In this study, two analytical experiments were performed. In the first experiment, we have confirmed that the oxidized areas in the SLG-coated Cu were corresponding to the grain-boundaries or defective structures of graphene by Raman spectroscopy measurements. For improvement in the resistance of graphene-coated Cu to prevent the oxidation from moisture, we report an artificial stacking SLG layers on CVD-SLG/Cu into double-layer graphene (DLG) to eliminate the Cu oxidation through the defects and grain boundaries of the underneath SLG, as in the second experiment. In addition, triple-layer graphene (TLG) was also formed by further stacking SLG on the DLG-coated Cu surface. To compare the oxidation resistances of DLG-coated Cu, TLG-coated Cu, SLG-coated Cu, and bare Cu surfaces, temperature and humidity storage (THS) tests were carried out under accelerated oxidation conditions. The sample surfaces were characterized using optical microscopy (OM) and X-ray photoelectron spectroscopy (XPS). The results indicate that the formation of DLG can improve the moisture barrier properties of the SLG-coated Cu surface by covering most of SLG grain boundaries. Moreover, TLG is a highly efficient barrier that uniformly prevents oxidation on the Cu film surface by covering the cross-points of grain boundaries in DLG. We discuss the mechanism of improvement by the first-principles simulation of overlapping graphene films result in an increased energetic barrier against the water diffusion through the different length of graphene overlap.

Results

Analysis of oxidized Cu areas on SLG-coated Cu surface

Regarding the previous report of moisture barrier properties of SLG-coated Cu surface20, we reproduce this experiment again, and then found that some areas of Cu surface were oxidized after 100 h of THS testing, as shown in the relative O/Cu atomic concentration ratios investigated by XPS (Fig. 1). In order to confirm the hypothesis that the oxidation occurred under grain boundaries or defective areas of SLG, dark and shiny areas on SLG-coated Cu surface were examined by Raman spectroscopy and also investigated the formation of Cu oxides comparing to those of bare Cu surface, as shown in Fig. 2. For the Raman spectra of SLG, the D peak, G peak, and 2D peak on SLG are located at 1320–1327, 1585–1597, and 2640–2680 cm−1, respectively21,22. The D peak corresponds to the defective structures of graphene. Comparing the D and G peaks intensity ratio (ID/IG) between the dark and shiny areas of SLG-coated Cu surface after 100 h of THS testing, the ID/IG ratio of dark color area is relatively higher than that of shiny area. It indicates that there were more defects of the SLG such as grain-boundaries in the dark area than those of shiny area. In addition, the Raman spectra of the dark area exhibit peaks of Cu2O23,24,25 at 148, 219, and 525 cm−1, and the peak located at 630 cm−1 corresponds to CuO26. The intensities of both the Cu2O and CuO peaks are greater in the spectrum of the SLG-coated Cu surface compared to those of the bare Cu surface. The Raman spectrum measured on shiny areas of SLG-coated Cu surface after 100 h of THS testing do not show Cu oxide peaks. The results suggest that when graphene does not completely protect the Cu surface from moisture, the oxidation of the defective areas is enhanced by the graphene coating.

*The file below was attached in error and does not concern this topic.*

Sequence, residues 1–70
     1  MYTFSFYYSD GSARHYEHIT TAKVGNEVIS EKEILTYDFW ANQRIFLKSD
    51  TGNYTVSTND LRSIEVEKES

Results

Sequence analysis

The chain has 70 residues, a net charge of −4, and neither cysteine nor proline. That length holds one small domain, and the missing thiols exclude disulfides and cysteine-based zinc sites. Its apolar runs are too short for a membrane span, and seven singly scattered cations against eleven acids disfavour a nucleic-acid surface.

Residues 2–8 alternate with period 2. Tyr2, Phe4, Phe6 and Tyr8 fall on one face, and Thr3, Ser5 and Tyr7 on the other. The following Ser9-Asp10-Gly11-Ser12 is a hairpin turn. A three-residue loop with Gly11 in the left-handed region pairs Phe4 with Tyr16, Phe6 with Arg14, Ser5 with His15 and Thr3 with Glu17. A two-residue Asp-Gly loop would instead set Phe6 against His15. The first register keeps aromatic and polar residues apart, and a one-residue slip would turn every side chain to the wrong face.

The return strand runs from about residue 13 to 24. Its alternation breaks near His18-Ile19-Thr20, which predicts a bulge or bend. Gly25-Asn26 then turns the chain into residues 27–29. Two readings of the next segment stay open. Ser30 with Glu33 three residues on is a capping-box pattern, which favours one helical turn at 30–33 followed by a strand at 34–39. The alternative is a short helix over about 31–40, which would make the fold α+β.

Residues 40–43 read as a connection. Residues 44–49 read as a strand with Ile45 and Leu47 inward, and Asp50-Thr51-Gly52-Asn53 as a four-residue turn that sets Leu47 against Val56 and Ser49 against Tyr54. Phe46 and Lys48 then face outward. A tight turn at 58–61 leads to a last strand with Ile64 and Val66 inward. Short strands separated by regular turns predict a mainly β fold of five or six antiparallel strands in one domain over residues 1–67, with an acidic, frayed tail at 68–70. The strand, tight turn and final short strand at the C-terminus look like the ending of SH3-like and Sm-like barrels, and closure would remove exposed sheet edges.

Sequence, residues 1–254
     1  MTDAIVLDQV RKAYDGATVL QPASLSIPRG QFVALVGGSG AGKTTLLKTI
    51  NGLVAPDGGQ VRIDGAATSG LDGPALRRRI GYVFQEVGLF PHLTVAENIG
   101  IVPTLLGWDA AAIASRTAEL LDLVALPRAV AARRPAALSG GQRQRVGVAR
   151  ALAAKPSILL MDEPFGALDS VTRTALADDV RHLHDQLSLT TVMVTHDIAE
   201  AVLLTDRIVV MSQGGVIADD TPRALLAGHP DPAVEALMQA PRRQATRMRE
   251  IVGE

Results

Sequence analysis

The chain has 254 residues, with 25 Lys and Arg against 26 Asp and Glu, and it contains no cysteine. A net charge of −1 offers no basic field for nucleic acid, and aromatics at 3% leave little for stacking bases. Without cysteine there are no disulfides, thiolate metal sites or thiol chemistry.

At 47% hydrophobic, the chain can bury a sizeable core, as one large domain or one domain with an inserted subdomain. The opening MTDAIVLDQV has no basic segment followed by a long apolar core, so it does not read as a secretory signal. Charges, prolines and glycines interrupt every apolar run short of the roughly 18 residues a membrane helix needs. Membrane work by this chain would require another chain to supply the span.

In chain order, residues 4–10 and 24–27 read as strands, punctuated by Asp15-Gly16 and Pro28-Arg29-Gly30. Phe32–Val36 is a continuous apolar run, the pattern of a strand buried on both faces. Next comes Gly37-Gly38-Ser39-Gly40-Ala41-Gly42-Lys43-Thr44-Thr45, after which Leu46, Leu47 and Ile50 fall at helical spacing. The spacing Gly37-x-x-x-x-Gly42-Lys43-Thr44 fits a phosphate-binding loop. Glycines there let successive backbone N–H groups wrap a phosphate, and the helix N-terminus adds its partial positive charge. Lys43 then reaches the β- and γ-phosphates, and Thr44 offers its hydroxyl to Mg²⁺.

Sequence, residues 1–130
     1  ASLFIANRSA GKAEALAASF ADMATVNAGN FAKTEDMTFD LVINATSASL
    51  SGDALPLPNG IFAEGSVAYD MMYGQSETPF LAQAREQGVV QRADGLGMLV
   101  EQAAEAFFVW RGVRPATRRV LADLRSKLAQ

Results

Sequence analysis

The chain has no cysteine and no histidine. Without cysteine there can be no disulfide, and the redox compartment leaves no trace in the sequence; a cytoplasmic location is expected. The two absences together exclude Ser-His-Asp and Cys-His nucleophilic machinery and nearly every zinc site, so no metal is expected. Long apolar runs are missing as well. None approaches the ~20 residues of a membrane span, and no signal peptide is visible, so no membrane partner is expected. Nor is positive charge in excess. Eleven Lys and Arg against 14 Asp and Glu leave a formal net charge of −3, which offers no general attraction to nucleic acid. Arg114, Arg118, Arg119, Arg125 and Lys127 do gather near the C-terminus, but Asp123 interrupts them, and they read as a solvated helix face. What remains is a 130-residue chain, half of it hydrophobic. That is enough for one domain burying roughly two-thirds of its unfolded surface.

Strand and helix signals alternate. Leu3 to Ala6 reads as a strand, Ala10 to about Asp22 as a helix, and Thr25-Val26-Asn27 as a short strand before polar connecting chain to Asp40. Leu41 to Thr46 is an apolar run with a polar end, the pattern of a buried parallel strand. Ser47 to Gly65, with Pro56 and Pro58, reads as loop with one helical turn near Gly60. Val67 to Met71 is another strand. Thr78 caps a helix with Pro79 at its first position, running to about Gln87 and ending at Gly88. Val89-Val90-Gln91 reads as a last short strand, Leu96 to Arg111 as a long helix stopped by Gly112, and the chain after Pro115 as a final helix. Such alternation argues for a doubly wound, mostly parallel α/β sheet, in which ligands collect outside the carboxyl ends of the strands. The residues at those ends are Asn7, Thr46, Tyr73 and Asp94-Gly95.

Figure 1
figure1

Relative O/Cu atomic concentration ratios of the SLG-coated Cu surfaces before and after different durations of THS testing.

Figure 2
figure2